Global Issues: Austria & Czech Republic/Case Reports/Cafes

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Literati and Intellectuals at Vienna’s Cafes

Vienna’s cafes, called “Wiener Kaffeehausen” in German, have great historical significance in the context of the literati and intellectuals at the turn of the 19th century. The café culture of Vienna’s cafes is such that visitors can linger for hours, reading, writing, or conversing with other patrons. Hospitality in the cafes reflects this even today, as a cup of espresso is automatically served with a cold glass of water, intended to signify that a guest is welcome to remain in the café as long as desired. This living room atmosphere is what allowed for the great intellectual tradition to flourish in Vienna’s cafes.

“Coffeehouse literature” is the name given to famous writings of the late 19th and early 20th centuries coming out of Vienna. Some famous authors and poets include Karl Kraus, Arthur Schnitzler, Hermann Broch, Alfred Polgar, Friedrich Torberg, Peter Altenberg, Thomas Bernhard, and Egon Erwin Kisch. In fact, Peter Altenberg famously spent so much time in the Café Central that he made it his address and received his mail there.

Coffeehouses in Vienna also served as meeting places for well-known artists, scientists, and politicians, especially during the coffeehouse culture of the late 1800s and early 1900s. Some notables are Arthur Schnitzler, Stefan Zweig, Egon Schiele, Gustave Klimt, Adolf Loos, Theodor Herzl, Alfred Adler, Adolf Hitler, Leon Trotsky, Theodor Herzl, Egon Friedell, Hugo von Hofmannsthal, Anton Kuh, Leo Perutz, Josip Broz Tito, Sigmund Freud, and Vladimir Lenin.

The popularity of Vienna’s cafes waned in the middle of the 20th century, a period called “coffeehouse death” in history. It is speculated that this “death” occurred because other forms of entertainment arose at the time, namely television and newer espresso bars. Because of their historical lore, however, Vienna’s coffeehouses have regained recognition and have sustained reinvention because of the burgeoning tourist culture in Vienna.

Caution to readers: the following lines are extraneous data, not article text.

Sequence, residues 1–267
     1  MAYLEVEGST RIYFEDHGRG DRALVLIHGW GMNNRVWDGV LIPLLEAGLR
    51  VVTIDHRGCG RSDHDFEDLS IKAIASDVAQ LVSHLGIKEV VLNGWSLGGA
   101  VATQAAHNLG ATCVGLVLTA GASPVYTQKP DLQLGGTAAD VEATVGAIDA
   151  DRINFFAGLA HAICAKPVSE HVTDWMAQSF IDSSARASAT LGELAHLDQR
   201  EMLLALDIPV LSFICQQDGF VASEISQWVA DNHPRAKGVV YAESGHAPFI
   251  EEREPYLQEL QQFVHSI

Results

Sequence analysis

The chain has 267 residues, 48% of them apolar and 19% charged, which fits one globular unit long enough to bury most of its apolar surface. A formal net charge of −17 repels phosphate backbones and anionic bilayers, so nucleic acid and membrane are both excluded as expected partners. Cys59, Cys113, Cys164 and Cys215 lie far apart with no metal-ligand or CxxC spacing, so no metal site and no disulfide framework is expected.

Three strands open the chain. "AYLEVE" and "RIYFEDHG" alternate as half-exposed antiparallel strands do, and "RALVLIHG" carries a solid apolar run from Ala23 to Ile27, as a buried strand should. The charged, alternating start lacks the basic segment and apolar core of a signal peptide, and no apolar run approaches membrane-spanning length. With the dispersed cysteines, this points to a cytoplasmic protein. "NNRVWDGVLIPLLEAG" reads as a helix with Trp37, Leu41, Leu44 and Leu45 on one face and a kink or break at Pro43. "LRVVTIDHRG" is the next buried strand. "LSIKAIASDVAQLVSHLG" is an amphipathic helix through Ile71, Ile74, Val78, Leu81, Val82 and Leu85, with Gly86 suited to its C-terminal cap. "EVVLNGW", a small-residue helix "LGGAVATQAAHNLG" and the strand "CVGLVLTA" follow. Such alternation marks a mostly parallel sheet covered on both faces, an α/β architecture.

Some notable cafes and their patrons are:

-Café Central, where Peter Altenberg received his mail, and the preferred meeting place for many intellectuals of the revolution who met there to discuss politics.

-Café Demel, a famous bakery and confectioner.

-Café Frauenhuber, the oldest café in Vienna, said to be Mozart’s favorite. -Kleines Café, the smallest café in Vienna. (In fact, the name means small.) This is the café made famous in the movie Before Sunrise.

-Café Landtmann, Freud’s favorite café.

-The Café at Hotel Sacher, famous for the Original Sacher Torte.

A few notes about etiquette at Vienna’s coffeehouses:

-Even though Starbucks and the Viennese chain Aida offer quick, cheap coffee on the go, it is out of the question at traditional cafes to get a coffee on the run. Don’t ask unless you want to offend the waiter. A common expression to tourists regarding this is, “this is Europe, you sit and you drink your coffee at the café!”

-It is impossible to escape smoke in Vienna’s cafes. Public smoking in almost any building is not considered a faux pas in Europe, and especially at the coffeehouses. It is considered rude to complain about the smoking, so choose an outdoor spot if smoke truly bothers you. Again, it’s Europe.

-Tipping is expected, but is not as much of a percentage of the bill as in the US. A 10% tip is good, which can usually be accomplished by rounding up the bill a few Euro, or by asking the waiter to keep the change. Tip 15% for very excellent service, but know that this is considered an abnormally large tip. Of course, not tipping is frowned upon, and though the waiter might not show it, he will consider you quite rude.

References:

http://en.wikipedia.org/wiki/Viennese_café

http://en.wikipedia.org/wiki/Café_Central

http://www.telegraph.co.uk/travel/destinations/europe/austria/vienna/6930839/Viennas-coffee-houses-cafes-in-a-class-of-their-own.html